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#1 - Walk the Overland Track

Where is it? Cradle Mountain-Lake St. Clair National Park, TAS

Widely considered one of the world's best bushwalks, Tasmania's Overland Track is stunning natural beauty exemplified to the fullest, and the pinnacle of many off-the-beaten-track adventures that Australia has to offer. Featuring an environment reminiscent of the best parts of Switzerland and New Zealand, this 6 day journey provides walkers with all the best hallmarks of the state's gorgeous alpine scenery – pristine mountain streams, radiant waterfalls, vibrant meadows and numerous other phenomena all combine to make for a breathtaking spectacle awaiting around each new bend of its roughly 65-kilometre-long expanse.

Valleys that have been carved out of the earth by eons of glacial activity are surrounded by jagged ranges jutting seemingly out of nowhere, many of them with uniquely odd shapes personified best by Cradle Mountain itself. This wonderful track is also surprisingly beginner-friendly, as despite possessing a few more challenging sections the Overland Track is generally both easy to navigate and in a respectable condition – which serves to make it an epic experience for first-time trekkers who are prepared to carry a full pack. "“Bucket list item” might be a cliché thrown around slightly too much in travel literature, but there's few better ways to describe this epic journey. Image credit: Great Walks of Australia

Tasmania MapTasmania is a state that’s quite separate from the Aussie mainland – both literally and figuratively. Not only is it Australia’s only island state, but the majority of its environment and landscape convey the sense of being in another country altogether; one that blends together the best of both Europe and the United Kingdom into a single, pristine and largely untouched whole.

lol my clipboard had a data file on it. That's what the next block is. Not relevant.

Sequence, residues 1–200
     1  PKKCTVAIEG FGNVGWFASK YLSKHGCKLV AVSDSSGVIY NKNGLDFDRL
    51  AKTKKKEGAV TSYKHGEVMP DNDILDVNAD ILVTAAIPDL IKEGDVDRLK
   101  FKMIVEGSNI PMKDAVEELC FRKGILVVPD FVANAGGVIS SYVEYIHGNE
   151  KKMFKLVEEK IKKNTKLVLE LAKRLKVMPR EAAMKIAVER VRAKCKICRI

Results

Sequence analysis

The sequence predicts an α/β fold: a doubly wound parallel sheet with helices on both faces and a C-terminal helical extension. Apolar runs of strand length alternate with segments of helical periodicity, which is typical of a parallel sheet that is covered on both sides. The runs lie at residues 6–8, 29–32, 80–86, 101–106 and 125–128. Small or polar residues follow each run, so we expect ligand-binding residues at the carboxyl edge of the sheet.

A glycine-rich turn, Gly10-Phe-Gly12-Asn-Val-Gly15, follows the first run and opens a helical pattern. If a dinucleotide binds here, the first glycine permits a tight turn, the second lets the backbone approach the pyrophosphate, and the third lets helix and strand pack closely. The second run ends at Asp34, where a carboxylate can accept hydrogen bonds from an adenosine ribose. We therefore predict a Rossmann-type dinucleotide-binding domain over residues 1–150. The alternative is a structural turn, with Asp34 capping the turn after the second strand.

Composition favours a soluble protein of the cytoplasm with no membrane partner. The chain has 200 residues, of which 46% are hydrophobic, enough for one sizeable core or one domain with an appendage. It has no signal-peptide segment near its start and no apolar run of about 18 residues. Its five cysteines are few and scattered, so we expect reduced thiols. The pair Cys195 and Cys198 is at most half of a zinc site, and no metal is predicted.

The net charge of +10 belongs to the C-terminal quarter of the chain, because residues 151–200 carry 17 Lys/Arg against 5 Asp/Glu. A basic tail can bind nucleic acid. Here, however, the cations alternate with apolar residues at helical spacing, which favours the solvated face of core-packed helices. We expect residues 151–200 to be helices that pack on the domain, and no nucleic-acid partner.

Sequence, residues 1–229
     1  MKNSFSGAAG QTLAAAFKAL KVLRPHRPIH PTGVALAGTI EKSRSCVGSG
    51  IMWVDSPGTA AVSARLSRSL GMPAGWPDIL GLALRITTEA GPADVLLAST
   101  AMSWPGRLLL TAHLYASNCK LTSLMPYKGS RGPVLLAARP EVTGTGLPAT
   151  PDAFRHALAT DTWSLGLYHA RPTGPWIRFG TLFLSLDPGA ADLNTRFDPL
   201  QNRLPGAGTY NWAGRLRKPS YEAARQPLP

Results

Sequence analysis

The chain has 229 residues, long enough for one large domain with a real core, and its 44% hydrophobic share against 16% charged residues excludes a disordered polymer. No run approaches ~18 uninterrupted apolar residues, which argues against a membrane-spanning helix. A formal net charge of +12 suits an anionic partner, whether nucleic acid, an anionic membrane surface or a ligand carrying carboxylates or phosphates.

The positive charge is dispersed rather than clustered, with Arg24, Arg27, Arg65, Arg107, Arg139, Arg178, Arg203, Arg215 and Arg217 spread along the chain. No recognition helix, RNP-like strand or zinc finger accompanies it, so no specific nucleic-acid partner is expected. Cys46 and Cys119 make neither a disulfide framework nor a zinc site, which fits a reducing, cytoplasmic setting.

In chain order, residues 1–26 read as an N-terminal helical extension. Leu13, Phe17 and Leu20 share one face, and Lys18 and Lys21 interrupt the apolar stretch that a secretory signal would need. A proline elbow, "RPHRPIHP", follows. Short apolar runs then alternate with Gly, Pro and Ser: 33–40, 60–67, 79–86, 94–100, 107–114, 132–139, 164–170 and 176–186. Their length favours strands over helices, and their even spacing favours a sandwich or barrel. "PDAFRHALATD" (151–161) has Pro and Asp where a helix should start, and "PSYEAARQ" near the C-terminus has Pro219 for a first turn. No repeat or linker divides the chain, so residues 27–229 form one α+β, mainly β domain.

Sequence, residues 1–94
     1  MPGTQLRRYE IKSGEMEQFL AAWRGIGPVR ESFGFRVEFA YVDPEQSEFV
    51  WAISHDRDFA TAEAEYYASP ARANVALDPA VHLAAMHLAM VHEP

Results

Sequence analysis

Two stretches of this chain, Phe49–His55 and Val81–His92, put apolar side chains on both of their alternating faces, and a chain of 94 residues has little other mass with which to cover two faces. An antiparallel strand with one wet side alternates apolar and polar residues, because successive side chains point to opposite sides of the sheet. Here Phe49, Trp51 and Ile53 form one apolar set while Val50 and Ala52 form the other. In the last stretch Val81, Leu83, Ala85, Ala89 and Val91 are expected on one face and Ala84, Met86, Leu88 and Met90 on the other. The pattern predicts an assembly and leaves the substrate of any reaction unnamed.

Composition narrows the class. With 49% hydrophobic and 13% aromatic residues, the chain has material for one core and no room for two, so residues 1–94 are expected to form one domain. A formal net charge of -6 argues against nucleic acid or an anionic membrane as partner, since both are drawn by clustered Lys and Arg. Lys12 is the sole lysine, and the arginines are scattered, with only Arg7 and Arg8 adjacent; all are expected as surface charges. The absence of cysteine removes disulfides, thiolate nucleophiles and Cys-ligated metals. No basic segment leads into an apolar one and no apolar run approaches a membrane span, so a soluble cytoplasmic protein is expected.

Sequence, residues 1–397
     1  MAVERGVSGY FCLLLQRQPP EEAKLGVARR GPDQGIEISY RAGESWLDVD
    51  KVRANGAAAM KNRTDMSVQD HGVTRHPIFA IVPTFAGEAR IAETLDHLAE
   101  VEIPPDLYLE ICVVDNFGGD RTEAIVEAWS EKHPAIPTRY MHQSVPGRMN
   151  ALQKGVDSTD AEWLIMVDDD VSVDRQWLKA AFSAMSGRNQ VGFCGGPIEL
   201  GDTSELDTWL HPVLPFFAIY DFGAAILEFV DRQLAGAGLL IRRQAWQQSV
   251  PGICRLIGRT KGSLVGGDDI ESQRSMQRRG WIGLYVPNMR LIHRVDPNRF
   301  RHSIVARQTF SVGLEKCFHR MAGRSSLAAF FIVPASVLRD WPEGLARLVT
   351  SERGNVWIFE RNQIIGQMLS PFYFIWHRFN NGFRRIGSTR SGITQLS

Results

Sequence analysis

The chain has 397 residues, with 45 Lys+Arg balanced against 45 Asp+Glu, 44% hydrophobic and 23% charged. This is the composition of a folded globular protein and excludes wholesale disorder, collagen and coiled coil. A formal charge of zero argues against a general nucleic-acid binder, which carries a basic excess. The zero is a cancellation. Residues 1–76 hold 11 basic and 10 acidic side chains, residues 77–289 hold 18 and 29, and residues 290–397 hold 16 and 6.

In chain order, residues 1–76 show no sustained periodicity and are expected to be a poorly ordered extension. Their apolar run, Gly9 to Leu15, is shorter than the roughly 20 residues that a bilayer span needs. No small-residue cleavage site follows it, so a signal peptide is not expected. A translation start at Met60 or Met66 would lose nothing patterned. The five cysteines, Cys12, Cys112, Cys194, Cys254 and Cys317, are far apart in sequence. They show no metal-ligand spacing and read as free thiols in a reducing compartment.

Tassie is the state of choice for those looking for an escape from the crowds without skimping on the sightseeing prospects – this is far from a land of overcommercialised theme parks and bustling harbours and is instead a destination where escapism and “stopping to smell the roses” is the name of the game.

Of course, it also doesn’t hurt that Tasmania is home to some of the most stunning natural landscapes in all of Australia; with a topography that often brings to mind the likes of Switzerland albeit with several dashes of characteristic Aussie beach beauty thrown in, your camera will get more than a mild workout when travelling around the Island State.

Much of the natural wonder on offer in Tasmania is summed up by its many National Parks, which rank amongst some of the most gorgeous in the country, and each of which has its own individual character and cavalcade of highlights. From the coastal beach beauty of Freycinet to the pristine water-and-mountain duo of Cradle Mountain-Lake St. Clair, and the inland watery majesty of Franklin-Gordon Wild Rivers to the accessible forest-and-waterfall panorama on offer within Mt. Field, the parks of Tasmania are reason enough alone to make the trek down south for several weeks.

It’s also a state that’s rich in history, having been one of the focal points of early European colonisation of Australia and home to many architectural remnants of that period that still remain in remarkably good condition to this day. From prisons to administrative buildings to everyday residences, Tasmania offers the traveller plenty of opportunities to step back in time for a day.

Add in the charming aspects of many of its regional towns and cities, as well as the vibrant seaside-and-mountain character of capital Hobart and its many intriguing attractions, its numerous epic walking tracks, and slices of coast on both sides that offer some ruggedly beautiful magic, and it’s clear that while Tasmania may be relatively small on size, it’s far from lacking in majesty.

In our Ultimate Tasmania Bucket List, we highlight 100 of the most essential experiences that we feel best sums up the diverse and incredible highlights of our Island State. While much of it will be known to locals, we hope to both inspire travellers from afar to visit wonderful Tassie while also hopefully encouraging residents to get out and explore the best of their own, lovely, backyard.

The Tasmania Bucket List Map